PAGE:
Genius Loci: Session 1
Writer and senior editor of Cabinet magazine
Artist exhibiting in No Country: Contemporary Art for South and Southeast Asia
Assistant Professor of the History of Science at Yale University; radical cartographer
Writer; author of London Calling: How Black and Asian Writers Imagined a City
I recently returned from a trip to Japan. It was the first time I had been there for more than a few days, and I was fortunate enough to spend a week in Kyoto, which was the capital of the country for a millennium prior to the relocation of the Imperial household to Tokyo in the mid-19th century. I had already begun thinking about the Forum, and so was feeling particularly sensitive to the unique qualities of place as constructed in a culture with which I was largely unfamiliar—just as I was to the tendencies toward exoticization that inevitably complicate the touristic gaze.
The latter makes me leery of easy generalizations, but it is fair to say I think that the city is an extraordinary case study in the coextension of very different kinds of placedness, and the historical contingencies that produce them. Spared at the last minute from the atomic bomb by the intervention of Truman’s Secretary of War, Henry Stimson (who had spent his honeymoon in the city), Kyoto’s temples and gardens irrupt into the city’s contemporary fabric of technologized capital from every direction.
Keeping in mind this striking example of a site’s capacity to exhibit a kind of internal discontinuity, I thought it might be interesting to start our conversation by considering the term the Guggenheim has chosen for its title, genius loci. As you’ll all no doubt know, in contemporary usage, the phrase means “spirit of the place.” It’s an evocative concept to be sure, but also an elusive one, and I wonder if its very slipperiness might not provide a productive entry point into our larger discussion.
Although its historical and etymological roots point to the idea of a deity that governed a given place—spirit in the sense of a divine guardian—even from its earliest usage, the term and the concept for which it stood seem to already have contained within them the almost direct inversion of this tutelary formulation. And so the “spirit” of a place—or indeed of a person, an animal, or a thing—was not simply some externalized custodial power, but also somehow that surplus, that innate spark of what might be called the numinous, which was understood to be native to the stuff that makes up the world.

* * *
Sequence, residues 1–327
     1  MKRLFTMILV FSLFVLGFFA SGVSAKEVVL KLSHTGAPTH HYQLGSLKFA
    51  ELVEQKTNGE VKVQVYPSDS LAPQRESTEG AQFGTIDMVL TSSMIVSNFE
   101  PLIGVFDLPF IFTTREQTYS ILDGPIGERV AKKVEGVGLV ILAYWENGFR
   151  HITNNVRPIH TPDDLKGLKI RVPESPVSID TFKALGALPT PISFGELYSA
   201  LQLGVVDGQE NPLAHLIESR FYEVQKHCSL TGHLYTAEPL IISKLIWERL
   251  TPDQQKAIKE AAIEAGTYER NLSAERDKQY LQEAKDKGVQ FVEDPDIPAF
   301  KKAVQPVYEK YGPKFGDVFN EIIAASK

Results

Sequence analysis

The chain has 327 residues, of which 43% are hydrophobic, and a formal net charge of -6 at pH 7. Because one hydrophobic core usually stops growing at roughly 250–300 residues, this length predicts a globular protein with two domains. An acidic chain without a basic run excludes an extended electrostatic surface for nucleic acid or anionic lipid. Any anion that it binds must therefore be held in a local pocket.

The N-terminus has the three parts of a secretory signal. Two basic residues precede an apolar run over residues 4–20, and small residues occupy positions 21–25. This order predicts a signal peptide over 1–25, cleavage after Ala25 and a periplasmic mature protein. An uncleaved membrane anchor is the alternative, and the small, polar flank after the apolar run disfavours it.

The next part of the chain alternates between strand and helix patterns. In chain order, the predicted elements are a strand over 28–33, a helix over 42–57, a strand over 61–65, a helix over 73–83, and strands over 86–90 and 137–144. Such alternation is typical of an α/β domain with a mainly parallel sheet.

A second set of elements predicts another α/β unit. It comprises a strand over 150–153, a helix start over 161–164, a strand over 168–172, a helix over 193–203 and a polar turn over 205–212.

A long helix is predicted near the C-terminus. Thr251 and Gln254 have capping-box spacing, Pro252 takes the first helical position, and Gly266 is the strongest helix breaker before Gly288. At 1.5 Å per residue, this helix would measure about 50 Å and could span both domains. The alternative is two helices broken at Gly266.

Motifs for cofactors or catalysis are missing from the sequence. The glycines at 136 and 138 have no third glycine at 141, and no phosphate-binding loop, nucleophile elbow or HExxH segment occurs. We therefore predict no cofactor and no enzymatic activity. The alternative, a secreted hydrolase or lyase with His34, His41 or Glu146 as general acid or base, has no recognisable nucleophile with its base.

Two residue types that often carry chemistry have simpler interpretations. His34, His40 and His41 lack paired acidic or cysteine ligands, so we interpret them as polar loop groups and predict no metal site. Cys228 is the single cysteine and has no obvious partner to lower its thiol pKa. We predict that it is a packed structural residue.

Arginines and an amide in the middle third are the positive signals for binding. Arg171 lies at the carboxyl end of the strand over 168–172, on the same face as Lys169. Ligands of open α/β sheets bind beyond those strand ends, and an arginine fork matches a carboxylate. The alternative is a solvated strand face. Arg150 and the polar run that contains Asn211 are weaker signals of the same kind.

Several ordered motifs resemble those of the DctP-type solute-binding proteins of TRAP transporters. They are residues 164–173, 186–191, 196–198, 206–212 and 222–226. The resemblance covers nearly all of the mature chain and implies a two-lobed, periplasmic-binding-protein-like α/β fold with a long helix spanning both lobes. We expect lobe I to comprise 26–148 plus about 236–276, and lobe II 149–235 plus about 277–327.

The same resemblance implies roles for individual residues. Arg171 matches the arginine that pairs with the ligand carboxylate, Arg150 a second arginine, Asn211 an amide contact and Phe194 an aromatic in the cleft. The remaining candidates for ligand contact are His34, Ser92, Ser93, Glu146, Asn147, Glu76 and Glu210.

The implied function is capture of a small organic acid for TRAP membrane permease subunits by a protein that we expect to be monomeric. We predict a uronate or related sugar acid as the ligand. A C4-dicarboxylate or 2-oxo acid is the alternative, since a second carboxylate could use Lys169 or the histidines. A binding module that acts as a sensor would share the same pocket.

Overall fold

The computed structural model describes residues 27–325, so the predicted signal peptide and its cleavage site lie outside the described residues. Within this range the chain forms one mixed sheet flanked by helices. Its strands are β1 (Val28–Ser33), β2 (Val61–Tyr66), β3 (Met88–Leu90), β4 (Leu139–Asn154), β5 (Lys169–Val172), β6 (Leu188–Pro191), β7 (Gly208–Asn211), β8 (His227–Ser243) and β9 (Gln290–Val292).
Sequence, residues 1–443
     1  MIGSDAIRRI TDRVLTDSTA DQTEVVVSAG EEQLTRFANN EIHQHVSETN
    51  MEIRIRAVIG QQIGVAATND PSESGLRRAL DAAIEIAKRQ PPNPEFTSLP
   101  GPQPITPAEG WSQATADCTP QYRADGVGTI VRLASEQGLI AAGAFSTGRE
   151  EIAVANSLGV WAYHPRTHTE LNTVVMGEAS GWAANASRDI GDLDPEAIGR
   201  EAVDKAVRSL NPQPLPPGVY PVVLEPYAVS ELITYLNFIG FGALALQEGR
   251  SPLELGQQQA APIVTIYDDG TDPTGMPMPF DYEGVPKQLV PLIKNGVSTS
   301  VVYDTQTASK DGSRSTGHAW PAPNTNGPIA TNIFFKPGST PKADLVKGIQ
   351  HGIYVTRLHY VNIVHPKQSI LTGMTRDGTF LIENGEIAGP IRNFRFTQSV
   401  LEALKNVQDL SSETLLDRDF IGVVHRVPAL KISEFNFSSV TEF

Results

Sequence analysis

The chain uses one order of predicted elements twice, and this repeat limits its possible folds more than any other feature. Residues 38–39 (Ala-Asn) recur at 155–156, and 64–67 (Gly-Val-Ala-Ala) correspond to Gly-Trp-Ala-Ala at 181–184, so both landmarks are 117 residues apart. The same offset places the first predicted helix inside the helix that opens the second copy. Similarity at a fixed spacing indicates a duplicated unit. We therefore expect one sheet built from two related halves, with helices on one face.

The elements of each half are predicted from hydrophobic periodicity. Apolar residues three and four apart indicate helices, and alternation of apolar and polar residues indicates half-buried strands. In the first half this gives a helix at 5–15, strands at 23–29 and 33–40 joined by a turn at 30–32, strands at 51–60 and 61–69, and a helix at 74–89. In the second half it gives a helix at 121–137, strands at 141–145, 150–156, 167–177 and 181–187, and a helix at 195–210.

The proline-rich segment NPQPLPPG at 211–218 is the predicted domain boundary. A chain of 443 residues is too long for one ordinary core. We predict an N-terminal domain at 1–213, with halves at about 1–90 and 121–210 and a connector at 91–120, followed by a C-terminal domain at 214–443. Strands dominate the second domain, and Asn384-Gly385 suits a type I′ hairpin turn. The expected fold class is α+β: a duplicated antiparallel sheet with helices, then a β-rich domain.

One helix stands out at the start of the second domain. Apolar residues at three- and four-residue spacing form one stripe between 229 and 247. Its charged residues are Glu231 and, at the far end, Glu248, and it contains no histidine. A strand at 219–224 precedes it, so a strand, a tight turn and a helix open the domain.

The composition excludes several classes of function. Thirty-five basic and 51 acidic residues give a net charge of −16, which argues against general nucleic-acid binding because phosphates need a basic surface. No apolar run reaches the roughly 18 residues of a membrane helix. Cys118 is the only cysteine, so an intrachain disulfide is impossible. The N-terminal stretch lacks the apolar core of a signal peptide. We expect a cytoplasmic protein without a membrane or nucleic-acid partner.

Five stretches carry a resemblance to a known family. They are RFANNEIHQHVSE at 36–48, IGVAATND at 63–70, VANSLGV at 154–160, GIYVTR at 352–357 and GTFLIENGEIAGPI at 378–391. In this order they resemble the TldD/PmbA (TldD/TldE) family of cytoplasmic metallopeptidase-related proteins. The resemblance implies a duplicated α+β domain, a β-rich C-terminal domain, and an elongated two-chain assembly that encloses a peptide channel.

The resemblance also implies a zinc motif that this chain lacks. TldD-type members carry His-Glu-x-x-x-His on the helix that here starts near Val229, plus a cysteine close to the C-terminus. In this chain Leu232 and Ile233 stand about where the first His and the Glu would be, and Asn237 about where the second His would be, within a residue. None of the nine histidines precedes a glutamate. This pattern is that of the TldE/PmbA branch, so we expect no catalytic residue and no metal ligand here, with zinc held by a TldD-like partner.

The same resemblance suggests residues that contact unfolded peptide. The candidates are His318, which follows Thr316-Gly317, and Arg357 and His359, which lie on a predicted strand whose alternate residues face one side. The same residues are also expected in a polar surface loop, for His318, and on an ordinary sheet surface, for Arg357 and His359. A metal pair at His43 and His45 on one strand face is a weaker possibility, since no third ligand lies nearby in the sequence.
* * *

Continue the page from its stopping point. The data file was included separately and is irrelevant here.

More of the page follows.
Are our contemporary notions of place not still in some sense characterized by this tension between top-down and bottom-up structural modelings, just as they still contain some secularized residue of these more formally spiritual imaginaries? I think we are all well aware of the complex of power relations (economic, political, cultural, and more) that “preside” over what Henri Lefebvre called “the production of space.” Yet there’s something tantalizing about the way that what can seem to be superficially anachronistic notions mix with, trouble, and productively deform the more familiarly contemporary readings of space/place (and perhaps we will return to this distinction to see if it is one with or without a difference—think of the contrasts Heidegger draws between building and dwelling).
How can we as supposedly globalized citizens remain alert to such local ambiguities—to the multivalent, unstable poetics of place—without losing sight of the on-the-ground realities that act to preserve or efface them?
I’ve been travelling a bit too. Cathedral towns and Tory suburbs, edgelands and metropolises, alleyways and vistas, airports and airports and airports. Perhaps I was jetlagged and weary, too illiterate to see signs and wonders, too old and era-imprisoned to be able to decipher any secret codes. Mostly on my wanderings I kept encountering mildly modified versions of the same landscape: men and women—pre-teens and retirees—staring at screens, jabbing buttons. Cellphones, Blackberries, i-Pads, e-readers. Everyone’s scrolling, fast-forwarding, speed-dialing. Everyone’s busy and intent—except when they’re not: they toss off text messages like people flick cigarette ash or chuck chewed gum onto sidewalks; their eyes move across wads of pixel-script with listless attentiveness.